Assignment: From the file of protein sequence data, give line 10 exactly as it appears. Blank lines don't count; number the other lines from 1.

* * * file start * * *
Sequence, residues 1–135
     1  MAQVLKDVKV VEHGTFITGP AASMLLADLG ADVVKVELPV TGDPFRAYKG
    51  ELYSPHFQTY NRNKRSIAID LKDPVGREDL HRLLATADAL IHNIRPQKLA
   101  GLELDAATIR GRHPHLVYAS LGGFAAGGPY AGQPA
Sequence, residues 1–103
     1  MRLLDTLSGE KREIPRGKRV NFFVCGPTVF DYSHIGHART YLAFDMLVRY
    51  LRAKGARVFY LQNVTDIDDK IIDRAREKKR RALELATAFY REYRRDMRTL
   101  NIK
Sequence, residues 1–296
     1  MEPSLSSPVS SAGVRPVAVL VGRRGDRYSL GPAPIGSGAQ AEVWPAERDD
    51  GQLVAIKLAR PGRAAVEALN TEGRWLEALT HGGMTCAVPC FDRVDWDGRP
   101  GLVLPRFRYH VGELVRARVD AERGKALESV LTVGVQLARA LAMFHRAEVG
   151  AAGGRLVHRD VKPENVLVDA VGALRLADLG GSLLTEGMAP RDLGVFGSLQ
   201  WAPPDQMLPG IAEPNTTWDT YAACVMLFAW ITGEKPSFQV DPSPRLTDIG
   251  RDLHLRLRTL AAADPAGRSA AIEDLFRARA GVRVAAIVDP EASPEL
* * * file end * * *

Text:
     1  MEPSLSSPVS SAGVRPVAVL VGRRGDRYSL GPAPIGSGAQ AEVWPAERDD